Just as Jesus is our ‘hands-on’ help, we are each other’s ‘hands-on’ help.
Let’s take a backwards look at Ephesians 4 to see how this works:
1] Together, we are the Body of Christ [4:15-16]. Who is the Head? Jesus. Not me. Not you. The rest of us who are in Christ respond to the leadership of Jesus in the same way all the parts of the body do the bidding of the brain. I don’t breathe without my medulla oblongata telling me to do so.
The church is a body. I am not the Body of Christ; we are the Body of Christ, a living organism, not an organization. We’re not Legos being stacked together; we are a living, breathing Bride.
2] We must grow up [4:13-14]. My wife and I are not raising children; we are raising adults. Maturity is the goal. We look to Jesus and the written Word to produce maturity in us, but we also look to one another. We grow up and mature when we are shaped by Scripture, by Jesus, and by one another as we follow Jesus. We need the Body for this maturity to take place.
3] We must be God’s grace to each other [4:7]. None of us are given everything needed to continue the work of Jesus. If we are in Christ, we are each given a portion of it! Together, we are fully equipped! Each of us carry a part of God’s grace to give to one another. We call these ‘gifts’. Jesus has spread the love among us, and each of us carry a portion to serve one another with.
Withholding it causes pain and limits the Body of Christ. It’s awkward when part of the Body of Christ goes AWOL. It affects us when we don’t see people for months at a time. It affects us when we are not extending God’s grace to one another. Don’t withhold the grace you’ve been given!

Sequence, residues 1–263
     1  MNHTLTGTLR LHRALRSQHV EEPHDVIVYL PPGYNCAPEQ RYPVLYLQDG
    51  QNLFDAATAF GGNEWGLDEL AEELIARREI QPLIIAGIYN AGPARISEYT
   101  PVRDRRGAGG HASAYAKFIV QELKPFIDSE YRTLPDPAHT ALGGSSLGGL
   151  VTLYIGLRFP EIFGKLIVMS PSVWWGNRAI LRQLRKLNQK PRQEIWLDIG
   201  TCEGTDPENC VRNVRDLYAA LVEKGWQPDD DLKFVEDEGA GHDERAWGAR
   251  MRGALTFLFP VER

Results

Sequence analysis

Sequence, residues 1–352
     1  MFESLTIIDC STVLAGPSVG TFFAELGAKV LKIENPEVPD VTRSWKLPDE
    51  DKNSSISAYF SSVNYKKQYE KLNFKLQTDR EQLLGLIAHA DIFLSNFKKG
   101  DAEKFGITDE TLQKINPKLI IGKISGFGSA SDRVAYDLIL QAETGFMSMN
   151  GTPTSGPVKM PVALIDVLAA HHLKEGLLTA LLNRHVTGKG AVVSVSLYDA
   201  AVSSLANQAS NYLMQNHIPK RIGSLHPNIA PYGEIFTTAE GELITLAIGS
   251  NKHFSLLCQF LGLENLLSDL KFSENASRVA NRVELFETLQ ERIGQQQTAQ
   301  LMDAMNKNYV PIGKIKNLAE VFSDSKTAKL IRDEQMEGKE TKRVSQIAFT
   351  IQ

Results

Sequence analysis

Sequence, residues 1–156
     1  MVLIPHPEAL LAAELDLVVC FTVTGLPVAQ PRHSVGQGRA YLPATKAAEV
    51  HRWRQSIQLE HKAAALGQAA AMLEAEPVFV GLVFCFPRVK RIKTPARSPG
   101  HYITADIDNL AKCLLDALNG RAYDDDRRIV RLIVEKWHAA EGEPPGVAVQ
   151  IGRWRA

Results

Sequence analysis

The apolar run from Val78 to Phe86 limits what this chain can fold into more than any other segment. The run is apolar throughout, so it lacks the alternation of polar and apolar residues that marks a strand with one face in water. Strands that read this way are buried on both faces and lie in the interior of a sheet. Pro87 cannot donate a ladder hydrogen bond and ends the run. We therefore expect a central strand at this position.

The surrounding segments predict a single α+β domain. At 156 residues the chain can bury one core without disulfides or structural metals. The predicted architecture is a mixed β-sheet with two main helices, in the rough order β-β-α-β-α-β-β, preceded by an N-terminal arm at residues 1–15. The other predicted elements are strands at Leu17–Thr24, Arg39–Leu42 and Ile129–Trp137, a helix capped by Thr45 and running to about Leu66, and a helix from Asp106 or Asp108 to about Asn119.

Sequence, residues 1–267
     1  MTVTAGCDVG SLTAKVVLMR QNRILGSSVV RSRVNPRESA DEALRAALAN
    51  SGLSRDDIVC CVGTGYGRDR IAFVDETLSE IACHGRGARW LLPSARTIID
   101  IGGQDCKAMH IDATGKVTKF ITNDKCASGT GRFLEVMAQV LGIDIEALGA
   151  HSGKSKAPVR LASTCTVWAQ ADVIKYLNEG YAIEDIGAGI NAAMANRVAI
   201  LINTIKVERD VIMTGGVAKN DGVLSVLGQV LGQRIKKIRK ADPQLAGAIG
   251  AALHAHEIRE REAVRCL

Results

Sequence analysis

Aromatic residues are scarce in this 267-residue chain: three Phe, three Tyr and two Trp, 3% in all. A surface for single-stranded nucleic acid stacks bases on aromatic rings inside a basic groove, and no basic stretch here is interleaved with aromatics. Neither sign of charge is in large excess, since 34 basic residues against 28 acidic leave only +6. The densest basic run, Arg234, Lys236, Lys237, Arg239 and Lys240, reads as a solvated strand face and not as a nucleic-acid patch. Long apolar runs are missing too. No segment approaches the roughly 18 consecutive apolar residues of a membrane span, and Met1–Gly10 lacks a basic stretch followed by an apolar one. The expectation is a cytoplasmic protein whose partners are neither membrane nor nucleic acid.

We have everything we need to be the Body of Christ. He has given himself, and he has given himself a little bit in each of us. The Living Word is alive in us and among us!
We started our series on “Ekklesia: Living as Called Out Ones” by focusing on our worship as God’s people, but now we’re shifting focus to the importance of the Word to God’s people.
There are a lot of different views on how we should ‘interpret’ Scripture. Is it figurative? Literal? Allegorical? Metaphorical? Do we consider syntax, semantics, idioms and genres? Are we free to add to it or take away from it? Is it subordinate to our personal conscience or is it supposed to be the other way around?
But let’s simplify it: we either hold to a ‘high view’ of Scripture or a ‘low view’ of Scripture. The high view believes the Word is real and true; the low view believes it is something else. Our church (and church tradition) holds to a high view of Scripture. It means that we believe the Scriptures are our final authority. It is our go-to source for life and for our church.
We believe the Father has chosen to reveal Himself through His Word: The Written Word (scriptures), the Living Word (Jesus), and the Inner Word (the Holy Spirit). All three testify and work together to lead us to God’s Truth, and they never contradict one another.
A high view means we don’t dismiss it, erode it, forget it, avoid it, edit it, or ignore it. Instead, we gather around it, read it, teach it, preach it, value it, live it, meditate on it, and even love it [read Psalm 119].